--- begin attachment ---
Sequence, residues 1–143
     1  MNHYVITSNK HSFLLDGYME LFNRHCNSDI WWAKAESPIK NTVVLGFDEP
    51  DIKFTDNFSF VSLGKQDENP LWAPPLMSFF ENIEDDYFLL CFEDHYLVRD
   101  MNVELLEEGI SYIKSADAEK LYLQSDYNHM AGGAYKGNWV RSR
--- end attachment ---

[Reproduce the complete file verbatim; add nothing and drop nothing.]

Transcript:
Sequence, residues 1–143
     1  MNHYVITSNK HSFLLDGYME LFNRHCNSDI WWAKAESPIK NTVVLGFDEP
    51  DIKFTDNFSF VSLGKQDENP LWAPPLMSFF ENIEDDYFLL CFEDHYLVRD
   101  MNVELLEEGI SYIKSADAEK LYLQSDYNHM AGGAYKGNWV RSR